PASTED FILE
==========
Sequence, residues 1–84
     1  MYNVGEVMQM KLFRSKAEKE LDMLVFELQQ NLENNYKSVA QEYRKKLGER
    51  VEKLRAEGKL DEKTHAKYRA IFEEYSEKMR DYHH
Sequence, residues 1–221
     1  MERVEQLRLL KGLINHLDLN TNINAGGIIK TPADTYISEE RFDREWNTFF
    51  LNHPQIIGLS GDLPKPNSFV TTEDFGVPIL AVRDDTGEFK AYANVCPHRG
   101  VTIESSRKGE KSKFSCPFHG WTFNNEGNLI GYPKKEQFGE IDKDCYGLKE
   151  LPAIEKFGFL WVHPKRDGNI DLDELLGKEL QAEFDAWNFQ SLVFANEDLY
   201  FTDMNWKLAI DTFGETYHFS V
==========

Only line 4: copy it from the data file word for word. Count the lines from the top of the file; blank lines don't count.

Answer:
Sequence, residues 1–221